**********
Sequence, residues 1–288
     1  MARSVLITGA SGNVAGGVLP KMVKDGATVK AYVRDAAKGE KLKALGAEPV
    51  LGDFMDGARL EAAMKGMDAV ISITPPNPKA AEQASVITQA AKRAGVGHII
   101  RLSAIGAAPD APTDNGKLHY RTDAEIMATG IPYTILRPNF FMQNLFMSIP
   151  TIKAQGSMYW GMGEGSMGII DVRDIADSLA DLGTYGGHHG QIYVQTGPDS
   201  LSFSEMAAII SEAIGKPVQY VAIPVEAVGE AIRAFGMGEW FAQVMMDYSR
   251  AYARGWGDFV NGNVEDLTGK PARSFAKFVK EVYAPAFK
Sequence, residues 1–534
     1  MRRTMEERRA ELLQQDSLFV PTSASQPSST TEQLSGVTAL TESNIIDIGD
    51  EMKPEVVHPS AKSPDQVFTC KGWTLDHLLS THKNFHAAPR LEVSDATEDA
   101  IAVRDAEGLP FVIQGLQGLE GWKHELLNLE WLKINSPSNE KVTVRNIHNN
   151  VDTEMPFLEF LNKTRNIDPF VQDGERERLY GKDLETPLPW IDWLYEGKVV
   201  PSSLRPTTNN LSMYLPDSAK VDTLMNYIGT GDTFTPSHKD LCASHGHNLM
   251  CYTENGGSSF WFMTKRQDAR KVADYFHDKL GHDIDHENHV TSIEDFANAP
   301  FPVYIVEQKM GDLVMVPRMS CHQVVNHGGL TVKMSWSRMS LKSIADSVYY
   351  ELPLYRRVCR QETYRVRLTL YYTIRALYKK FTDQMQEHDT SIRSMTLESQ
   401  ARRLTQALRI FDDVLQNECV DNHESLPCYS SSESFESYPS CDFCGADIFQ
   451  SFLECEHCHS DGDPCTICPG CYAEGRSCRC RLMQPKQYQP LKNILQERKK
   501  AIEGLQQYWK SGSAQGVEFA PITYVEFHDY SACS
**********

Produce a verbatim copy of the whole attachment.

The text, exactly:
Sequence, residues 1–288
     1  MARSVLITGA SGNVAGGVLP KMVKDGATVK AYVRDAAKGE KLKALGAEPV
    51  LGDFMDGARL EAAMKGMDAV ISITPPNPKA AEQASVITQA AKRAGVGHII
   101  RLSAIGAAPD APTDNGKLHY RTDAEIMATG IPYTILRPNF FMQNLFMSIP
   151  TIKAQGSMYW GMGEGSMGII DVRDIADSLA DLGTYGGHHG QIYVQTGPDS
   201  LSFSEMAAII SEAIGKPVQY VAIPVEAVGE AIRAFGMGEW FAQVMMDYSR
   251  AYARGWGDFV NGNVEDLTGK PARSFAKFVK EVYAPAFK
Sequence, residues 1–534
     1  MRRTMEERRA ELLQQDSLFV PTSASQPSST TEQLSGVTAL TESNIIDIGD
    51  EMKPEVVHPS AKSPDQVFTC KGWTLDHLLS THKNFHAAPR LEVSDATEDA
   101  IAVRDAEGLP FVIQGLQGLE GWKHELLNLE WLKINSPSNE KVTVRNIHNN
   151  VDTEMPFLEF LNKTRNIDPF VQDGERERLY GKDLETPLPW IDWLYEGKVV
   201  PSSLRPTTNN LSMYLPDSAK VDTLMNYIGT GDTFTPSHKD LCASHGHNLM
   251  CYTENGGSSF WFMTKRQDAR KVADYFHDKL GHDIDHENHV TSIEDFANAP
   301  FPVYIVEQKM GDLVMVPRMS CHQVVNHGGL TVKMSWSRMS LKSIADSVYY
   351  ELPLYRRVCR QETYRVRLTL YYTIRALYKK FTDQMQEHDT SIRSMTLESQ
   401  ARRLTQALRI FDDVLQNECV DNHESLPCYS SSESFESYPS CDFCGADIFQ
   451  SFLECEHCHS DGDPCTICPG CYAEGRSCRC RLMQPKQYQP LKNILQERKK
   501  AIEGLQQYWK SGSAQGVEFA PITYVEFHDY SACS